Answer: A six-man rotation isn’t out of the question and a cap on Bundy’s innings isn’t unfathomable. But I don’t think they are necessarily connected. If there’s a six-man rotation, it’s because the Orioles have six starters heading into Opening Day that they believe are all better off in the rotation. Orioles manager Buck Showalter has kicked around that idea in the past, but he’s never committed to it. And that tells me he’d prefer not to, if possible. As for Bundy, it is possible that he’d start the year in the bullpen if the other five candidates are healthy and ready to pitch in April. But that’s certainly not ideal, since an argument can be made that Bundy is at least the club’s third best starter. Given his injury history and relative inexperience, an innings-limit surely will be discussed. Bundy threw nearly 30 innings more than his initial cap of 80 heading into 2016. How much more will the Orioles allow the 24-year-old to throw beyond his 109 2/3 last year? Well, I think, ultimately, it will be similar to 2016. The Orioles will have a number in mind, but they’ll adjust depending on need and Bundy’s health/progression. The kid’s a bulldog, but he’s also shown the maturity to adhere to a program despite his own eagerness. Bottom line: The Orioles will be careful, but not too careful.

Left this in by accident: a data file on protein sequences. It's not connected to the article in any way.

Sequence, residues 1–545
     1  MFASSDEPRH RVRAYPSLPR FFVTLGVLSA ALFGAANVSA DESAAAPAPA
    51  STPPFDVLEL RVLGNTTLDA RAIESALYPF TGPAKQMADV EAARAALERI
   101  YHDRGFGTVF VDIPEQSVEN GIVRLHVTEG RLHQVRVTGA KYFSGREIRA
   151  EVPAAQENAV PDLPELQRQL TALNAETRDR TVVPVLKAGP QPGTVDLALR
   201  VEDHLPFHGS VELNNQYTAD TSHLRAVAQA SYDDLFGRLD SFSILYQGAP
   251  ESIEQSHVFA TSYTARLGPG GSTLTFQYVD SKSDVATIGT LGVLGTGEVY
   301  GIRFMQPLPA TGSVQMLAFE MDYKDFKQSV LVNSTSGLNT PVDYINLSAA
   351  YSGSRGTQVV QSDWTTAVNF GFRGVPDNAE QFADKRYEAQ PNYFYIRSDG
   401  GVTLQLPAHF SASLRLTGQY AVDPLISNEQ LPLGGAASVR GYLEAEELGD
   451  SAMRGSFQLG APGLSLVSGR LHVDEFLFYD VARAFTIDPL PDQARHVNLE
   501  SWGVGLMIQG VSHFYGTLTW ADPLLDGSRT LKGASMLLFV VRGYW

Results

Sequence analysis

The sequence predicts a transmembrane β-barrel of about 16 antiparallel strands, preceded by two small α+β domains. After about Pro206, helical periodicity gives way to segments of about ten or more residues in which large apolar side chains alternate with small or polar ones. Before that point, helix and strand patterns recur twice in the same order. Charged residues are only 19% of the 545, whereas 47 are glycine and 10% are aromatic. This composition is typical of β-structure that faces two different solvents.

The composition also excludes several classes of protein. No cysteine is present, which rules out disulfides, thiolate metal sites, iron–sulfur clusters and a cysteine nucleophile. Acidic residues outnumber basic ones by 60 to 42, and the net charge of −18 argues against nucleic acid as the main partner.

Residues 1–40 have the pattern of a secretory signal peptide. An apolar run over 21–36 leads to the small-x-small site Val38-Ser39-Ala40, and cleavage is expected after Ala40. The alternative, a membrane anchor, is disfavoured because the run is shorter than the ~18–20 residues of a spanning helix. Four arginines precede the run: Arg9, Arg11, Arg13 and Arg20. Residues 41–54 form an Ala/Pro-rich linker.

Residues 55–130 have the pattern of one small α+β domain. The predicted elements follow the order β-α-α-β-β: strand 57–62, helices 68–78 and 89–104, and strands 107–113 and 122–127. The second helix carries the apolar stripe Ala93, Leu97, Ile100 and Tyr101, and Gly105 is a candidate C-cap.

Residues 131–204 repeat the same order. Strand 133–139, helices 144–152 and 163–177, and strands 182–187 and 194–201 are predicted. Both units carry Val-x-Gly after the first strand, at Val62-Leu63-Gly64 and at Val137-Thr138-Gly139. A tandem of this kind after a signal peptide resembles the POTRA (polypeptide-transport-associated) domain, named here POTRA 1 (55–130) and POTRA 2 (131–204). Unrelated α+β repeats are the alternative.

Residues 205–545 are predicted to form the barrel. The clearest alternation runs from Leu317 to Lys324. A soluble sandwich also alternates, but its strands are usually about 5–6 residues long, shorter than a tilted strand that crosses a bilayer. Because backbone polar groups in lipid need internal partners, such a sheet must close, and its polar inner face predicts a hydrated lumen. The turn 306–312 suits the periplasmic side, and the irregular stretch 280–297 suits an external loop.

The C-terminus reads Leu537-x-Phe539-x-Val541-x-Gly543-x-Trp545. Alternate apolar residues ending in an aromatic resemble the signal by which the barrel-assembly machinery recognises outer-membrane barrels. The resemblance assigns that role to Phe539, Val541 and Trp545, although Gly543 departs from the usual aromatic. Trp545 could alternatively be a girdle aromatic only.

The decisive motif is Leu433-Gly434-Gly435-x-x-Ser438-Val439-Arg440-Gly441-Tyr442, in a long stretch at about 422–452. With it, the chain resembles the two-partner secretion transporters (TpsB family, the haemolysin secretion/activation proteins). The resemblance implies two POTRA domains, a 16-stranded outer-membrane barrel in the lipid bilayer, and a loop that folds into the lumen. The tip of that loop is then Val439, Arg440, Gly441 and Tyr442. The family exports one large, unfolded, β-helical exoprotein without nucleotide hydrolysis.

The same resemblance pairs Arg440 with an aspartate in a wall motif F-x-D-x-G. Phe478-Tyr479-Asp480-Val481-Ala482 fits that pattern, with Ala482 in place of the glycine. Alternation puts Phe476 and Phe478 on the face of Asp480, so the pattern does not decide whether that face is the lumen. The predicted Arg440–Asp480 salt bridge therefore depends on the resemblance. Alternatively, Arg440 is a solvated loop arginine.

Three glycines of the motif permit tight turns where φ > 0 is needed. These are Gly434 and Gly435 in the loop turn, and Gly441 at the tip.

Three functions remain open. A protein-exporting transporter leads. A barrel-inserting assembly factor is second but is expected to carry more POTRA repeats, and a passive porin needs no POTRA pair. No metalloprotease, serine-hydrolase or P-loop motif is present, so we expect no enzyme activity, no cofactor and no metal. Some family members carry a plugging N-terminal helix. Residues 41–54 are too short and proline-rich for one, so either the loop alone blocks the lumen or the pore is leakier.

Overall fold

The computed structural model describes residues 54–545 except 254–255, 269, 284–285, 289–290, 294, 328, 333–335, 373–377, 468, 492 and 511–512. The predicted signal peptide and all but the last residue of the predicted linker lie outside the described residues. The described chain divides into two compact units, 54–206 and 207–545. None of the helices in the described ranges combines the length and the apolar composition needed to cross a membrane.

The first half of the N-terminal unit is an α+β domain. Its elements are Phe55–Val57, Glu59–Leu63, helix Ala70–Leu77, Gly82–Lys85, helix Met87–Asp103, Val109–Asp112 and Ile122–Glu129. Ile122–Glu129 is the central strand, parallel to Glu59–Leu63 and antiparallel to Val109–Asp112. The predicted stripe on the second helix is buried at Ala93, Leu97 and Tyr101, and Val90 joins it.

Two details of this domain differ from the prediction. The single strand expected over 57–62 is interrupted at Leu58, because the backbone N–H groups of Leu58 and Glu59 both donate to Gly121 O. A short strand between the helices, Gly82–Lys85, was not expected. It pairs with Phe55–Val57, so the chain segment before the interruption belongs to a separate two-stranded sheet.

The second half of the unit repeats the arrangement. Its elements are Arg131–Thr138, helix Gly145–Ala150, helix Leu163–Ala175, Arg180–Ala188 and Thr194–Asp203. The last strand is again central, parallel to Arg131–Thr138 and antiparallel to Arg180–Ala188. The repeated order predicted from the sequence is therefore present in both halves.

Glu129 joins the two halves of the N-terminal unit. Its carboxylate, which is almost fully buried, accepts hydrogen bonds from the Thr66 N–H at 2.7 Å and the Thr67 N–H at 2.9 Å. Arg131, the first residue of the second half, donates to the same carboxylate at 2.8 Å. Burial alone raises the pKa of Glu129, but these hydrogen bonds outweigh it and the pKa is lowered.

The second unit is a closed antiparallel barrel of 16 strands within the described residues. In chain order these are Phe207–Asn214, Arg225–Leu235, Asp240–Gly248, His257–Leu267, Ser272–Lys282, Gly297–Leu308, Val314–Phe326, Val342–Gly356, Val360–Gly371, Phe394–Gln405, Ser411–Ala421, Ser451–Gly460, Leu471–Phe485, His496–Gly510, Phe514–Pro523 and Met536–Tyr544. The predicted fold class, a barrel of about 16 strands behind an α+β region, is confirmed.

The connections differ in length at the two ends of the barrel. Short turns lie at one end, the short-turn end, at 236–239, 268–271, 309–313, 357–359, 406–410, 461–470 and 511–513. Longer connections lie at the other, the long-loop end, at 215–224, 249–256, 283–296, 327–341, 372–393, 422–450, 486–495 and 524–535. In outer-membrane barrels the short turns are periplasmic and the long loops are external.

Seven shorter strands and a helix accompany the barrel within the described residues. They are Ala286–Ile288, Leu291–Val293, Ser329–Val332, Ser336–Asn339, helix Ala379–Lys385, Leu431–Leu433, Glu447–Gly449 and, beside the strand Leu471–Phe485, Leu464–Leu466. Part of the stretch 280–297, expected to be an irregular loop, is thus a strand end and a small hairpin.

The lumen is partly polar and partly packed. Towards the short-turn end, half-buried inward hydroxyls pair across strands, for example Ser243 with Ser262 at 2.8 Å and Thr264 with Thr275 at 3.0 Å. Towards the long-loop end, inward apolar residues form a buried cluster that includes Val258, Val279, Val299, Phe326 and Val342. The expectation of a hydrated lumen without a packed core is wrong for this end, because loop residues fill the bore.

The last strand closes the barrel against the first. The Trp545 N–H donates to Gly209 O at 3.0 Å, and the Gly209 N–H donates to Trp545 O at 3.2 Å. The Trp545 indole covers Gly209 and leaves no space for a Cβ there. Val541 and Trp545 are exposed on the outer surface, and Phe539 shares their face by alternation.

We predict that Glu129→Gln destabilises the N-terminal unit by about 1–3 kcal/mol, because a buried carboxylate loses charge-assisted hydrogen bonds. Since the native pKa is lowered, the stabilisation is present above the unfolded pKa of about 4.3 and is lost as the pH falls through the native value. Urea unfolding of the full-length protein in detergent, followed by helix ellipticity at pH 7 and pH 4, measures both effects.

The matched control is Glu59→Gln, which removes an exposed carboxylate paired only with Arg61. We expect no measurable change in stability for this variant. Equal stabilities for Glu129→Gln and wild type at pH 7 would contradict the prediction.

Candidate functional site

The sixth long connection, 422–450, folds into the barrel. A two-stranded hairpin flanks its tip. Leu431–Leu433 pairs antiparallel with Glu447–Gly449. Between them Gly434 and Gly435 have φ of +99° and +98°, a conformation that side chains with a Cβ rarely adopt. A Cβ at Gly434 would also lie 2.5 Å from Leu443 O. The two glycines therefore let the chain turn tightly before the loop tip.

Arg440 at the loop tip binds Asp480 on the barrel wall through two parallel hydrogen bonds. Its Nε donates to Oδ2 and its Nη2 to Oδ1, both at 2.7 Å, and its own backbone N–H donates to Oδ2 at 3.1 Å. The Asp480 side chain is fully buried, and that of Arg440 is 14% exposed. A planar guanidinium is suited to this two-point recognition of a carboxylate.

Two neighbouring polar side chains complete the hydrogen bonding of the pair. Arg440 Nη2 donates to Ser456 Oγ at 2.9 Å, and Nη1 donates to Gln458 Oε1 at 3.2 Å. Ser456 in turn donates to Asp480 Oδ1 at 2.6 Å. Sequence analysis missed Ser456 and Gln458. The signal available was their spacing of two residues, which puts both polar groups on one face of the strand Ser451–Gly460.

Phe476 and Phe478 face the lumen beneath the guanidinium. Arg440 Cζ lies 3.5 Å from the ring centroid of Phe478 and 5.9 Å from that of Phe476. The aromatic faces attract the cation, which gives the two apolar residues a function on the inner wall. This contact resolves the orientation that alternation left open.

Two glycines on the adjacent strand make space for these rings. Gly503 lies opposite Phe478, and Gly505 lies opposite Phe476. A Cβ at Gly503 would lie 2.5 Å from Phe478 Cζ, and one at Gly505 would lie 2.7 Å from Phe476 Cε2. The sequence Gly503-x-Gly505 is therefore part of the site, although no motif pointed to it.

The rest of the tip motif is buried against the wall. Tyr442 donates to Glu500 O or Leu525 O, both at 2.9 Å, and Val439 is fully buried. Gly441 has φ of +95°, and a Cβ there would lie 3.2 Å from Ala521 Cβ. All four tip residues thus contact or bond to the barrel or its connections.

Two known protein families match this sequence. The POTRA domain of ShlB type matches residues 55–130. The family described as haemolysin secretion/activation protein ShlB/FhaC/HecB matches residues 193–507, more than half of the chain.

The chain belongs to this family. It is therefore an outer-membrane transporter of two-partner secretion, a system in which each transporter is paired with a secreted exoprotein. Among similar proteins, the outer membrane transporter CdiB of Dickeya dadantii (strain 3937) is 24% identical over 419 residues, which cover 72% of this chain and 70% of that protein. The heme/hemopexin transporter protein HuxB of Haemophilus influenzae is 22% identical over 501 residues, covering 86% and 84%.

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From @BrianSchubox (among others): Think O’s move Ubaldo Jimenez, Yovani Gallardo or Wade Miley?